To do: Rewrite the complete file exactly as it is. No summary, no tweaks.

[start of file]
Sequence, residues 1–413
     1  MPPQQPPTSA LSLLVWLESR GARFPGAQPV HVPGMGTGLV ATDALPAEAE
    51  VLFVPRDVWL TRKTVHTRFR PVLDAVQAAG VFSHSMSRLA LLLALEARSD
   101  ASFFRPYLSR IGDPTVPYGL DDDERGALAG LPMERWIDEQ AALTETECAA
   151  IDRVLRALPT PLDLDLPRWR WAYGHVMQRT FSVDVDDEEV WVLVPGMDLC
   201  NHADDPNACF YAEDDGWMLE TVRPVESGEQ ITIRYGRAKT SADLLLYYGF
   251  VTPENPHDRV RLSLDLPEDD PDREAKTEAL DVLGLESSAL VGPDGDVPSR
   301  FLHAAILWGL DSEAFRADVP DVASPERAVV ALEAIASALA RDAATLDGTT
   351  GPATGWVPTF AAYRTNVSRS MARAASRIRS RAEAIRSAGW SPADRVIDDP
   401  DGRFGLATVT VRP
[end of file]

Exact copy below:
Sequence, residues 1–413
     1  MPPQQPPTSA LSLLVWLESR GARFPGAQPV HVPGMGTGLV ATDALPAEAE
    51  VLFVPRDVWL TRKTVHTRFR PVLDAVQAAG VFSHSMSRLA LLLALEARSD
   101  ASFFRPYLSR IGDPTVPYGL DDDERGALAG LPMERWIDEQ AALTETECAA
   151  IDRVLRALPT PLDLDLPRWR WAYGHVMQRT FSVDVDDEEV WVLVPGMDLC
   201  NHADDPNACF YAEDDGWMLE TVRPVESGEQ ITIRYGRAKT SADLLLYYGF
   251  VTPENPHDRV RLSLDLPEDD PDREAKTEAL DVLGLESSAL VGPDGDVPSR
   301  FLHAAILWGL DSEAFRADVP DVASPERAVV ALEAIASALA RDAATLDGTT
   351  GPATGWVPTF AAYRTNVSRS MARAASRIRS RAEAIRSAGW SPADRVIDDP
   401  DGRFGLATVT VRP